Your baby’s first teeth to grow in are usually the bottom central incisors. The average age for this to happen is around 6 months. For some babies, those first teeth can come in as early as 3-4 months, or for others, as late as 9-12 months. Not to worry; your baby does not have to have teeth in order to eat solids. Because your baby has been accustomed to drinking breast milk or formula for the last 6 months or so, transitioning to swallowing purees isn’t too different. Because purees are thin and smooth, swallowing (not chewing), is the only action required!
It will take time for your baby to learn to acclimate to the new texture of baby food. The transition to eating solids allows for many adorable photographic moments, as most of the food seems to get pushed out of the mouth with the tongue than actually swallowed. However, as your baby becomes more familiar with swallowing, and grows in more baby teeth, his or her ability to eat will quickly change.
For most babies, around 12 months of age, the top and bottom incisors will grow in, giving them four teeth on the top, and four teeth on the bottom. As hand-eye-coordination improves, your baby will be able to pick up pieces of food and use his or her front teeth to bite small pieces. Around age two and a half, your baby will grow in eight molars, bringing his or her total tooth count to 20! Molars are used to chew and crush foods, so smaller pieces of food and softer foods make the transition to eating solids much easier.
Can Baby Food Cause Cavities?
The short answer is yes, baby food has the potential to cause cavities. However, this doesn’t mean that cavities will actually form. It is common knowledge that anything that has sugar can cause cavities. Processed foods that have added sugars will pose a higher risk for cavities compared to fresh foods. However, anything that our body processes as a carbohydrate can cause cavities. Therefore, while candy and sweets are not nearly as healthy as dried fruits, for example, both have a high carbohydrate content. Sticky foods, like dried fruits, can stay stuck to the surface of enamel longer than non-sticky foods. The residual foods that stay “stuck” to the teeth can increase cavity risk.
Other than avoiding processed foods and foods that are high in sugar, it is also important to have water or milk during and after a meal to wash away any residual food debris. Not only is water good for our bodies, but it is also good for our teeth! Water or milk in a sippy cup or bottle is an appropriate way to start to incorporate water into the diet. You can also offer small amounts of water in an open cup, as this promotes proper tongue positioning, which is important for future speech development. Avoid giving your child juice (especially in a bottle), as sugars and carbohydrates are highly concentrated and the juice will bathe all surfaces of enamel, significantly increasing cavity risk.
And last but not least, be sure to start brushing your baby’s teeth as soon as teeth start to erupt. Brushing will remove any residual food debris as well as cavity-causing plaque. Even better, use a smear (the size of a grain of rice) of fluoride toothpaste during brushing. Fluoride will help strengthen your baby’s enamel, therefore reducing cavity risk.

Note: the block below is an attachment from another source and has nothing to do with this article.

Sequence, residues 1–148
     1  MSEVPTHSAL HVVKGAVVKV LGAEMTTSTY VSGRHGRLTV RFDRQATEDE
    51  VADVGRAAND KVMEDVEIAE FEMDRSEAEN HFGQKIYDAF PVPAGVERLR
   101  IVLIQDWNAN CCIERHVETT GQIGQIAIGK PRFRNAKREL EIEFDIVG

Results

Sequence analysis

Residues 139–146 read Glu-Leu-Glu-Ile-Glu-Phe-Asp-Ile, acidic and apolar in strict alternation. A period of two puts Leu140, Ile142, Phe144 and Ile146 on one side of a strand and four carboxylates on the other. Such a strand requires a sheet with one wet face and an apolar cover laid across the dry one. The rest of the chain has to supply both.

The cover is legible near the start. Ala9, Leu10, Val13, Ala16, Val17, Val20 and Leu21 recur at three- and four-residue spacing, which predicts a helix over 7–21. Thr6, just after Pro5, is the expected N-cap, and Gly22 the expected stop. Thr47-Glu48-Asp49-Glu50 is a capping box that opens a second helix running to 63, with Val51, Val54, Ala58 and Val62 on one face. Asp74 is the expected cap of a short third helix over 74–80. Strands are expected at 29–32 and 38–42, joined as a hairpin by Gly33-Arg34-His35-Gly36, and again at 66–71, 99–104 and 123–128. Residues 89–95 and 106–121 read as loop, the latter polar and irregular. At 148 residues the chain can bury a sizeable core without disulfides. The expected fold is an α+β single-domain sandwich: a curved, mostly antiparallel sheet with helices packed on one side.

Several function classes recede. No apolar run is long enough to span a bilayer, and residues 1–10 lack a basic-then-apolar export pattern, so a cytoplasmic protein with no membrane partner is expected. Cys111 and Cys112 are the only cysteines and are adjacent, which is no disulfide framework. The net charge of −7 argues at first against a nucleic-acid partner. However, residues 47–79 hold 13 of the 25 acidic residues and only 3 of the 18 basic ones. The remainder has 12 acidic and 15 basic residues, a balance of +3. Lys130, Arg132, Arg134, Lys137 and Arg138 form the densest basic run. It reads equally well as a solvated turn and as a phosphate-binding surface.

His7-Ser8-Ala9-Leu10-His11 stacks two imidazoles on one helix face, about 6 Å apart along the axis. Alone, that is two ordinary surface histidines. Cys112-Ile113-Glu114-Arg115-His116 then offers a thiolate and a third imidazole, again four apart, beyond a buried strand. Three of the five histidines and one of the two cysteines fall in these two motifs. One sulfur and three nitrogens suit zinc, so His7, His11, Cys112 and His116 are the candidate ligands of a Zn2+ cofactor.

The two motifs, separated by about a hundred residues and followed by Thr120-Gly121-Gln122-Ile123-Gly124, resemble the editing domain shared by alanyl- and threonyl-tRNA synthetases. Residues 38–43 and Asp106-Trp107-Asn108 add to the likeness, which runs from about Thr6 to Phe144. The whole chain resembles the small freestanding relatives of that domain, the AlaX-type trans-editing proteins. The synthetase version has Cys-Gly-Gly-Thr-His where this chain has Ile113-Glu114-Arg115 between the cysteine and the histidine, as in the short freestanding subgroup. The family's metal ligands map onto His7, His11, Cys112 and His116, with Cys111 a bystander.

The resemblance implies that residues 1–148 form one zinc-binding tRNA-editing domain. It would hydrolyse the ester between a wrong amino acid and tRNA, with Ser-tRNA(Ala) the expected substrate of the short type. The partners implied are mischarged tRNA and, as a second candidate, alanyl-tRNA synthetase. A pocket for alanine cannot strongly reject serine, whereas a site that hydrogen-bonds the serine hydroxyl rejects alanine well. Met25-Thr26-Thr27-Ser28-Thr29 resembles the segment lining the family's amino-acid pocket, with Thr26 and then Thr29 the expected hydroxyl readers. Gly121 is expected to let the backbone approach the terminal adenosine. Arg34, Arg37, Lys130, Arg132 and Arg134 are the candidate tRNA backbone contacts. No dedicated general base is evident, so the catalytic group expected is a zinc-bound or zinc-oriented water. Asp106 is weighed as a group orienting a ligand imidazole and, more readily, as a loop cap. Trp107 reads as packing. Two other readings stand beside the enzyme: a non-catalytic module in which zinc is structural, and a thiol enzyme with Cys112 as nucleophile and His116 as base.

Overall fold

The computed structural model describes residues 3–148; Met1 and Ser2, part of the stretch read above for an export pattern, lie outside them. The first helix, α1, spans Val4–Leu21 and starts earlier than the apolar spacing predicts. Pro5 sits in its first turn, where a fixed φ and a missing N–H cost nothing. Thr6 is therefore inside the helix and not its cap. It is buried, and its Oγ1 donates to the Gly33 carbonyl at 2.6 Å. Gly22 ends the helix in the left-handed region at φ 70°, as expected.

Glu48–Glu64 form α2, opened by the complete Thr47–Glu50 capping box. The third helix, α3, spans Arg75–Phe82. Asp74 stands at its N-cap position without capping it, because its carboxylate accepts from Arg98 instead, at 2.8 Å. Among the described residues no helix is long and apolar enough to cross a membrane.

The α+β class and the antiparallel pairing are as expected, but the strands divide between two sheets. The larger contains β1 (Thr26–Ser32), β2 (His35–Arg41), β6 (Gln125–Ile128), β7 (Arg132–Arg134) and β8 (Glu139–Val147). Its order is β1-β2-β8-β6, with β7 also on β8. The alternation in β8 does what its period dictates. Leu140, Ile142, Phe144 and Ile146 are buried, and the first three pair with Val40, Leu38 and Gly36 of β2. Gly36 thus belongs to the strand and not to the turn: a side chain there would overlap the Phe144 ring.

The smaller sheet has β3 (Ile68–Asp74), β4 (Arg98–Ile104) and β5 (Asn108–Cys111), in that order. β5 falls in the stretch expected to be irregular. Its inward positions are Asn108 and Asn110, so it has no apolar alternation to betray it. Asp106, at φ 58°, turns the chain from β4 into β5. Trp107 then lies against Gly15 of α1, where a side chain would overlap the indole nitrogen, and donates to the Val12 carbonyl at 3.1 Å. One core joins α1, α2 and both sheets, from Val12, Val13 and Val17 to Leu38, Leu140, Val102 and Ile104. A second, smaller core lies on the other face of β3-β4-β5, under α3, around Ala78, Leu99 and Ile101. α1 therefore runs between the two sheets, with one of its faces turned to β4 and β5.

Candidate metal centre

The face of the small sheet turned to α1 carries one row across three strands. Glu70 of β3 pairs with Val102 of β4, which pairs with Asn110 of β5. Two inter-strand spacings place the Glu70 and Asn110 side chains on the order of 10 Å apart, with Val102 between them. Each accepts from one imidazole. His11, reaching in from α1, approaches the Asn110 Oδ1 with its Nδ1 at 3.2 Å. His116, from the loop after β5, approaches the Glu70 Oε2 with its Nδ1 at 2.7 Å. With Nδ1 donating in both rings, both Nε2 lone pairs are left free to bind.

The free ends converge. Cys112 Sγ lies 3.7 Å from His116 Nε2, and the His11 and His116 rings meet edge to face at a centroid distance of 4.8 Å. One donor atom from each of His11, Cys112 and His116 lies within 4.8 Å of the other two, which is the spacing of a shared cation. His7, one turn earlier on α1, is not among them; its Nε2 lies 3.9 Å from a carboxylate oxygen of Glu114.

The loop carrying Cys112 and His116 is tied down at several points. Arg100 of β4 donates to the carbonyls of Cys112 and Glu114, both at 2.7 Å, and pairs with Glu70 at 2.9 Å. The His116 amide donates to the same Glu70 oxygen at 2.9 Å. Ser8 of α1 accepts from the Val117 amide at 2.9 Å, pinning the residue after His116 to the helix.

Pouches and Snacks
As your baby transitions to toddlerhood and his or her appetite increases, snacking becomes part of the normal day-to-day routine. Growing babies need to eat! With the introduction of pouches, snacking for infants and toddlers is now easier than ever. You can just throw a pouch (or two) in the car, diaper bag, stroller caddy, and you’re set. Most pouches offer a combination of fruits, vegetables, and grains. To get the most nutritional benefit out of pouches, aim for ingredients that offer less sugar and more fiber and protein. And again, encourage your baby to have a sip or two of water upon finishing a pouch to help wash away any residual carbohydrates.
Provide your baby with finger foods to help with hand-eye-coordination while simultaneously offering nutritional benefits. As your baby graduates from purees and mashed foods, you can start to offer soft, bite-sized chunks or pieces of food. Cheerios are a simple, relatively healthy on-the-go snack that is perfect for young toddlers. Puffs and other “baby crackers” tend to have added carbohydrates to make them taste sweeter and more appealing to young infants. Goldfish crackers are a popular snack item for toddlers. However, these yummy crackers have the ability to stay stuck in the grooves of molars. Dried fruits (dried mango, raisins, and craisins) pose a similar problem as crackers and stay stuck in molar grooves. Be mindful of how often your child snacks on crackers and dried fruits and simply add water or milk to the snack time routine.
You may have heard of baby-led weaning (BLW), or may have even tried it for your growing infant. Baby-led weaning involves skipping spoon-fed purees and going straight into letting your baby feed themselves with finger foods. The thought behind baby-led weaning is that it encourages the development of age-appropriate oral motor control, while simultaneously promoting a positive, interactive experience for your infant.
Regardless of if you give your child purees or if you want to explore baby-led weaning, the types of food your baby will be eating are usually the same. The texture of the food is the biggest difference. Infants who participate in baby-led weaning should be given soft (or cooked) fruits and vegetables that they are easily able to chew and break down with their teeth and gums.
At Sprout Pediatric Dentistry & Orthodontics, our pediatric dentist, Dr. Dana Fox, will help parents as they navigate the ins and outs of their growing baby, and how diet can impact their baby’s oral health and development. Call or text 503-477-9911 , or email to schedule your baby to have an infant dental exam with our stellar team.
Dr. Dana grew up in Portland and went to Temple University in Philadelphia, PA for dental school. She then moved to Anchorage, AK for her residency in Pediatric Dentistry. Dr. Dana takes a holistic approach to pediatric dentistry & is able to use her own parenting experience to sympathize and understand each family’s unique dynamic.